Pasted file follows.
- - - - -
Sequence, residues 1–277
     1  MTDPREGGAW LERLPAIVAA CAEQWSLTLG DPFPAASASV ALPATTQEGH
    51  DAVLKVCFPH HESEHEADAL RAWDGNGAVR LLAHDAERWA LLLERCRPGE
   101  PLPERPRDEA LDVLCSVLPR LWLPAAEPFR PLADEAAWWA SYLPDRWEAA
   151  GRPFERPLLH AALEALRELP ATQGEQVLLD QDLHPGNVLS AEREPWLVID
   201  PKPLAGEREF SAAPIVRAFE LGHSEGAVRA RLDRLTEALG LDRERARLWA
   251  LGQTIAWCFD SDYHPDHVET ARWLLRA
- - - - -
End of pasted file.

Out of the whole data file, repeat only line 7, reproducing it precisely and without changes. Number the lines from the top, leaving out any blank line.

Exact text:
   251  LGQTIAWCFD SDYHPDHVET ARWLLRA